US6024920A (en) * 1998-04-21 2000-02-15 Bio-Rad Laboratories, Inc. Microplate scanning read head
US6103479A (en) * 1996-05-30 2000-08-15 Cellomics, Inc. Miniaturized cell array methods and apparatus for cell-based screening

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Publication number Priority date Publication date Assignee Title
US5439649A (en) * 1993-09-29 1995-08-08 Biogenex Laboratories Automated staining apparatus
US6103479A (en) * 1996-05-30 2000-08-15 Cellomics, Inc. Miniaturized cell array methods and apparatus for cell-based screening
US6024920A (en) * 1998-04-21 2000-02-15 Bio-Rad Laboratories, Inc. Microplate scanning read head

Cited By (37)

* Cited by examiner, † Cited by third party
Publication number Priority date Publication date Assignee Title
US20030211458A1 (en) * 2000-05-18 2003-11-13 Merav Sunray Measurements of enzymatic activity in a single, individual cell in population
US20060159769A1 (en) * 2000-09-28 2006-07-20 Nanocyte Inc. Methods compositions and devices utilizing stinging cells/capsules for delivering a therapeutic or a cosmetic agent into a tissue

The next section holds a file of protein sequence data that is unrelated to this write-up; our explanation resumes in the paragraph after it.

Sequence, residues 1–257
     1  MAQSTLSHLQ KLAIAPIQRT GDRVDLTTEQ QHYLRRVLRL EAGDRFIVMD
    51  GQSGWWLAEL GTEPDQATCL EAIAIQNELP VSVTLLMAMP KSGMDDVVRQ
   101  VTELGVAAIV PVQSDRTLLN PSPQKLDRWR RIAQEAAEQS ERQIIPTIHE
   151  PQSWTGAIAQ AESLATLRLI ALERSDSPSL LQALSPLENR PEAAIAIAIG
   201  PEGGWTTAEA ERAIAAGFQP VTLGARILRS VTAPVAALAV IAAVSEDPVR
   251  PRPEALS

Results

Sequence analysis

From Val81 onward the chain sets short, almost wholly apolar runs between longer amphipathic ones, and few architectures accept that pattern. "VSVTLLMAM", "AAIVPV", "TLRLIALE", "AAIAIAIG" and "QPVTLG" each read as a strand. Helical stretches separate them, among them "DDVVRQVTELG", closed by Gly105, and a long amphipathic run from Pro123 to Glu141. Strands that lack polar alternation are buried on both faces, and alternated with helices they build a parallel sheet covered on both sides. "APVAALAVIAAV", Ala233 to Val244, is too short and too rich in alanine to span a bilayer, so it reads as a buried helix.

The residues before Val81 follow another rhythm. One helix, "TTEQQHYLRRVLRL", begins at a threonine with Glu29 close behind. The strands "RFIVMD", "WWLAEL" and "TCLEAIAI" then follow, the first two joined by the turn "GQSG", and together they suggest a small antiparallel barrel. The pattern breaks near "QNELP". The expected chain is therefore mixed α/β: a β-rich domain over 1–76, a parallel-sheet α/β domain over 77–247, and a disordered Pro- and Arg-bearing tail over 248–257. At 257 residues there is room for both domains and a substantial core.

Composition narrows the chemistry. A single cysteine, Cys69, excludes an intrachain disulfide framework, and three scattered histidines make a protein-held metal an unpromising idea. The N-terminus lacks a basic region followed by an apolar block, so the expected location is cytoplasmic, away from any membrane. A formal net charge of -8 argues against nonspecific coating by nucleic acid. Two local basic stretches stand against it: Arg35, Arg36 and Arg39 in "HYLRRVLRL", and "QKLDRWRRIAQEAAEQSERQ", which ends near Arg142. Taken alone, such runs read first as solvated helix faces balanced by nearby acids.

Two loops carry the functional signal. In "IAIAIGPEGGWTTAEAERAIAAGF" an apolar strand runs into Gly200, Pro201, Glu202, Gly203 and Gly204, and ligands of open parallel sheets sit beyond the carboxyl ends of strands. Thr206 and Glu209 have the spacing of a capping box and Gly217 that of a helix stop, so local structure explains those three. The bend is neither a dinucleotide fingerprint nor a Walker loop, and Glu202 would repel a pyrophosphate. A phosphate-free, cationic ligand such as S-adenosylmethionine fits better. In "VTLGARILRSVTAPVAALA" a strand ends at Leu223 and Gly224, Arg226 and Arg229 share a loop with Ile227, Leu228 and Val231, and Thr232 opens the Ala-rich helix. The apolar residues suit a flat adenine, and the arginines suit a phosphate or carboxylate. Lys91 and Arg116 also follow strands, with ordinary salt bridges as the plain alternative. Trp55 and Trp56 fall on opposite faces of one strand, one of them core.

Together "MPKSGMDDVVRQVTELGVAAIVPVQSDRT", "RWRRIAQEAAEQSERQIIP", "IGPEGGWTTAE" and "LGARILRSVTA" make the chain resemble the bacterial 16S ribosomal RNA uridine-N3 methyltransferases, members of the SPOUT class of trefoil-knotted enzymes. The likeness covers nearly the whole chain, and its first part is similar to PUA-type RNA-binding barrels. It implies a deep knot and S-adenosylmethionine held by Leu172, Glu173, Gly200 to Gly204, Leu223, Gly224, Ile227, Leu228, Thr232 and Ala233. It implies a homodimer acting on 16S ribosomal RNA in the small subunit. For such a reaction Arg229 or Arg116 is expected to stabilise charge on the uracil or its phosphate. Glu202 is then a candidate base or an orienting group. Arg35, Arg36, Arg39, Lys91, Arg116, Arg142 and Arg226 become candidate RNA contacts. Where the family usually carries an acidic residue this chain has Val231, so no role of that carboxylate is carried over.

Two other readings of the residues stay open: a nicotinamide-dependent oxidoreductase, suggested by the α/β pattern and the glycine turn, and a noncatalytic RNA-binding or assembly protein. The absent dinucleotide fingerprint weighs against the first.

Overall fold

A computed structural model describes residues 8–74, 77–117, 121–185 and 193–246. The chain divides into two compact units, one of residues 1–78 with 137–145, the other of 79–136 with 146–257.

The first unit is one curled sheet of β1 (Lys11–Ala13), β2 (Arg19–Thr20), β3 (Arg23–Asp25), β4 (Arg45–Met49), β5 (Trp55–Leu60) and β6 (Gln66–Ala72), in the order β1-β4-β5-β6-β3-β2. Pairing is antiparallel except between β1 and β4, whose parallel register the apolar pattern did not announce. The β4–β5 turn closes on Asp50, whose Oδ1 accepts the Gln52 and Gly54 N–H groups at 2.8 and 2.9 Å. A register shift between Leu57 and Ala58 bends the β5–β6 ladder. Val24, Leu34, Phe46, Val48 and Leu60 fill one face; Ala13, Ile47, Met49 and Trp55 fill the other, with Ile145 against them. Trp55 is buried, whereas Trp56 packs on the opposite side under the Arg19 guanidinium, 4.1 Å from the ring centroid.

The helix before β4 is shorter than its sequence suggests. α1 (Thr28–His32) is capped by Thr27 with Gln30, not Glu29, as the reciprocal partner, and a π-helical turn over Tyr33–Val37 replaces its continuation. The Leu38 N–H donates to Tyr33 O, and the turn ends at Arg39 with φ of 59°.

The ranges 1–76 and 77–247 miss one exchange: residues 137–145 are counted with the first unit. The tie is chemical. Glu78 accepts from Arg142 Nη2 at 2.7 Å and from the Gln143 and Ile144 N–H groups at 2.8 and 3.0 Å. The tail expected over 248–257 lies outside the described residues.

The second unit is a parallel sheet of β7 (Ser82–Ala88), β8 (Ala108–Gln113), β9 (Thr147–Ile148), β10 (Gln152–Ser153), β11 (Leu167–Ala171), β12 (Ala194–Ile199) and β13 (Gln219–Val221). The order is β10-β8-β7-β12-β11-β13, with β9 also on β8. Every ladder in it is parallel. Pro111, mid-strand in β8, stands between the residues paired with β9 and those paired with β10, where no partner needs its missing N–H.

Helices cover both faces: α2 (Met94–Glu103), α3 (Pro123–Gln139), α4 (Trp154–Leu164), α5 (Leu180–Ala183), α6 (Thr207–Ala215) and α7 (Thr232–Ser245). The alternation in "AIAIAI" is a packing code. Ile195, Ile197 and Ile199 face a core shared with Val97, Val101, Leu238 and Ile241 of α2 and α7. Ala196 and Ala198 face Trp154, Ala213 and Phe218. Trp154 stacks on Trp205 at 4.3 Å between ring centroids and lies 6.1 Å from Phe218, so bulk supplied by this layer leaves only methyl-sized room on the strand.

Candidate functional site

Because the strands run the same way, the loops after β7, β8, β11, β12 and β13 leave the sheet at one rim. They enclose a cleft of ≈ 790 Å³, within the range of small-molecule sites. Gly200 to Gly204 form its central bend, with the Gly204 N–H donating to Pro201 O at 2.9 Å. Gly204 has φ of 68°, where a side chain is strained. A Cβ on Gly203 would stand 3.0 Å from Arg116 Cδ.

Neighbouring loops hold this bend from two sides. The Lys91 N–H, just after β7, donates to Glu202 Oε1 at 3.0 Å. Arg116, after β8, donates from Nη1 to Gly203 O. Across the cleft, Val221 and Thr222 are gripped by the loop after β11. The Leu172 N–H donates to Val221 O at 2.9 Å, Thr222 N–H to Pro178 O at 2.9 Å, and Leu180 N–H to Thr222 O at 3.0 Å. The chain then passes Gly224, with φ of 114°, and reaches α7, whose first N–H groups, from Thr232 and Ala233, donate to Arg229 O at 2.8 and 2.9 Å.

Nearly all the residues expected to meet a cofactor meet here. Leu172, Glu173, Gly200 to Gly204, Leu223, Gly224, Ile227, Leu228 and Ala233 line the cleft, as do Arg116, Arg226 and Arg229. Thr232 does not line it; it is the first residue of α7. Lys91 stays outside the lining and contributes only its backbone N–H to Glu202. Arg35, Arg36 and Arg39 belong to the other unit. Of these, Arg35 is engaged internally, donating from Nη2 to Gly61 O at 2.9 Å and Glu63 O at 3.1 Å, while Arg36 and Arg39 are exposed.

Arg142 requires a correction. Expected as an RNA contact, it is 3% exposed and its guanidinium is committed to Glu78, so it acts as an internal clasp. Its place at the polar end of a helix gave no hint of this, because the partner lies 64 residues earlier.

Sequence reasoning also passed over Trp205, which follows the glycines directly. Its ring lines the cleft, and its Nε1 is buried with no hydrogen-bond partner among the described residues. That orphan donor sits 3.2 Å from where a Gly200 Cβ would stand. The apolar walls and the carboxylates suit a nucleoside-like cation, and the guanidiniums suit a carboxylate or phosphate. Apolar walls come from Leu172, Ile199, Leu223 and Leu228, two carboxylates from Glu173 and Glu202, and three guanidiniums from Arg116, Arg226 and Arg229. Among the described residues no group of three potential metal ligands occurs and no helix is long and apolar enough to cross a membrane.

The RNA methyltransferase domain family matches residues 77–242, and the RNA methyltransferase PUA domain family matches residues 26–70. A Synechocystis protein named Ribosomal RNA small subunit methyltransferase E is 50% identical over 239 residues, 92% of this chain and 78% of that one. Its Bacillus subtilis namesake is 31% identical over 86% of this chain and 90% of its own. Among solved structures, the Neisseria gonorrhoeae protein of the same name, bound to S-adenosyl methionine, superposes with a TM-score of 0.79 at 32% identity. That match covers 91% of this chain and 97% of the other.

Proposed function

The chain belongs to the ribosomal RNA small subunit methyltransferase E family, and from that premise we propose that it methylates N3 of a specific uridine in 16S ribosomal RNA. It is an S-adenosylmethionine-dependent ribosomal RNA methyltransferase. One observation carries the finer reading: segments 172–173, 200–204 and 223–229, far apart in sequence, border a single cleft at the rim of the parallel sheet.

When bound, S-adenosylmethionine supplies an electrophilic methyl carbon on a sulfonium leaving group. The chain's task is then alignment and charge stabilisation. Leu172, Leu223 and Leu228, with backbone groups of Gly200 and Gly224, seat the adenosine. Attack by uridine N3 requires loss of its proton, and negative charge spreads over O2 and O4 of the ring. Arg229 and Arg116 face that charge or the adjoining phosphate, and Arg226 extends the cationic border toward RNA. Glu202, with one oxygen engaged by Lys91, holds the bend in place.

US8486441B2 (en) 2000-09-28 2013-07-16 Nanocyte Inc. Methods compositions and devices utilizing stinging cells/capsules for delivering a therapeutic or a cosmetic agent into a tissue
US20110070224A1 (en) * 2000-09-28 2011-03-24 Nanocyte Inc. Methods compositions and devices utilizing stinging cells/capsules for delivering a therapeutic or a cosmetic agent into a tissue
US8287912B2 (en) 2000-09-28 2012-10-16 Nanocyte Inc. Use of stinging cells/capsules for the delivery of active agents to keratinous substances
US8062660B2 (en) 2000-09-28 2011-11-22 Nanocyte Inc. Methods compositions and devices utilizing stinging cells/capsules for delivering a therapeutic or a cosmetic agent into a tissue
US7998509B2 (en) 2000-09-28 2011-08-16 Nanocyte Inc. Use of stinging cells/capsules for the delivery of active agents to keratinous substances
US7632522B2 (en) 2000-09-28 2009-12-15 Nanocyte Inc. Use of stinging cells/capsules for the delivery of active agents to keratinous substances
US7611723B2 (en) 2002-03-26 2009-11-03 Nanocyte Inc. Stinging cells expressing an exogenous polynucleotide encoding a therapeutic, diagnostic or a cosmetic agent and methods compositions and devices utilizing such stinging cells or capsules derived therefrom for delivering the therapeutic, diagnostic or cosmetic agent into a tissue